Anxiety and withdrawal related cases are the most common cases in the Psychiatry Ward of the Jigme Dorji Wangchuck National Referral Hospital (JDWNRH).
The COVID-19 pandemic is also being blamed for the increase in anxiety cases within a period of six months this year.
As per the record maintained by JDWNRH for January till June 2020, the psychiatrists saw 145 females and 97 males suffering from anxiety disorder, 30 females and 155 males with alcohol use disorder (AUD) followed by depression in 67 females and 53 males, and substance abuse with 76 cases so far.
By comparison the whole of 2018 saw 164 females and 95 males with anxiety disorder and 154 males and 22 females with alcohol use disorder.
Psychiatrist in JDWNRH, Dr Damber K. Nirola, said there is a high level of anxiety among the vulnerable Bhutanese due to the news of the huge COVID-19 cases and death tolls around the world. Dr Nirola said everyone is worried that they might get infected and die, especially the people prone to psychiatric conditions.
“Any type of psychological stress can lead to a sudden onset of the disorder that may be lying dormant in many people. It can lead to people having anxiety in the form of panic attacks. So when a person keeps on listening to the same thing repeatedly, it creates a lot of fear among the people,” said Dr Nirola.
According to the doctors, panic disorder is the most common disorder that can happen because of such dire news. The people on medication for anxiety could also have aggression as one of the symptoms due to the pandemic scare.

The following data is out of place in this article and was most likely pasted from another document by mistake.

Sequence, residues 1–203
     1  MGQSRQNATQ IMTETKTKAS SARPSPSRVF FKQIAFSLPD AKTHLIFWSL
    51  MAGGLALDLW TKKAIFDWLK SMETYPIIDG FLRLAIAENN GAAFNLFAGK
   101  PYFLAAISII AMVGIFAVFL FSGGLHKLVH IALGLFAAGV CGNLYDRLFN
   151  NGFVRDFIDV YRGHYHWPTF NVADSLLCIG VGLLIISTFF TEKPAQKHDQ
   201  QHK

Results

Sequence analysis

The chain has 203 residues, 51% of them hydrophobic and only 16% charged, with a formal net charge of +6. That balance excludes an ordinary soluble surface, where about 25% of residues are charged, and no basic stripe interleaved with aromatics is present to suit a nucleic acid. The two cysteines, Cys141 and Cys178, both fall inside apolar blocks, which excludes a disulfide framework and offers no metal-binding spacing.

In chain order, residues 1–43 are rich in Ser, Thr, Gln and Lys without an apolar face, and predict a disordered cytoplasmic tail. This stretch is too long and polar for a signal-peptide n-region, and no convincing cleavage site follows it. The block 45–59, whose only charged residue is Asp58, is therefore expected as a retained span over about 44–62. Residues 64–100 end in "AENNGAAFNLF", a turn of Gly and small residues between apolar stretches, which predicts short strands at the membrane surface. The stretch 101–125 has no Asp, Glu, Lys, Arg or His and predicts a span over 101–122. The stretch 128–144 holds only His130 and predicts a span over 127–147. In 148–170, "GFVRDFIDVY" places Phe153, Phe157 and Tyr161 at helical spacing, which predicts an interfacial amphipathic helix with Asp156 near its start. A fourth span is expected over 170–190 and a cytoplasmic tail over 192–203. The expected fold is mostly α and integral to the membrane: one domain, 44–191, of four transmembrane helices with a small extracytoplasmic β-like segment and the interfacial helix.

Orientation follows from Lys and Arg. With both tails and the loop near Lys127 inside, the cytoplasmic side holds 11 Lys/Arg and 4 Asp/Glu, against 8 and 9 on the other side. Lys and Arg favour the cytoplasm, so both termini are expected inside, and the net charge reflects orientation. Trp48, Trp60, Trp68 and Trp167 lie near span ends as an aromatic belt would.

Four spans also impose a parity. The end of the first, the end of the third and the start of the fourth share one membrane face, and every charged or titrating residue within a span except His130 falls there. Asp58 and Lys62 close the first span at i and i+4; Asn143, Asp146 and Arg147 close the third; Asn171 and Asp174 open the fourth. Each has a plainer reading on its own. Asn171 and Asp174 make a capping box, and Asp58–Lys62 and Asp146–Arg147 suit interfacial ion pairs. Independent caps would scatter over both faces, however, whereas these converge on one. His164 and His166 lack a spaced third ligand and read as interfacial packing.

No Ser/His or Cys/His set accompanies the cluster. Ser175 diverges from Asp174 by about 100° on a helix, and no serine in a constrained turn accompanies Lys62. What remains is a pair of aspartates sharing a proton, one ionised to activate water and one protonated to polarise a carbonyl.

“There is lot of exacerbation of symptoms of mood disorders for people who were already doing fine with medications, and some of them who were for asymptomatic for seven years or more, came out with the flare up of symptoms because of the COVID-19 anxiety. So similarly, a lot of depression cases came up and we also saw surge in domestic violence because people were staying at home and probably fighting each other, and alcohol plays a very important role,” Dr Nirola said.
Dr Nirola said the current situation has caused a lot of social issues, such as people losing their jobs and finding it hard to make ends meet, especially in Thimphu. There are some people who are dealing with idleness, most of them cannot socialize and are left feeling isolated. All such factors are leading to increased mental illness.
Most of the students are not doing anything other than attending a few of the online classes. Therefore, most of them are either playing online games like PUBG or other games that are violent at night due to cheap data charges, which can affect their sleep cycle and harm them mentally, added Dr Nirola.
“So they are more active towards the night and less during day time. It is not very good for a healthy mind,” Dr Nirola added.
He said no student has come to seek help for mental aggravation, but in the long run the gamers may get addicted to gaming. The doctor said once the schools reopen and the students become game addicts then they would not be able to concentrate on their studies.
“This can lead to irritability, disrupted mood towards certain people and impulsive behavior. To prevent such thing, one must balance the time and their sleep time has to be monitored. Instead of playing all these games, they should develop a habit of reading books and some quality stuff; physical activities is very important; encourage young people to go out for hiking, trekking, outdoor games and following their hobbies,” said Dr Nirola.
As for those getting help for substance abuse, Dr Nirola said most of the young people that experienced withdrawal symptoms have volunteered to undergo rehab for four months. Meanwhile, some young students caught abusing marijuana were mandated to undergo treatment.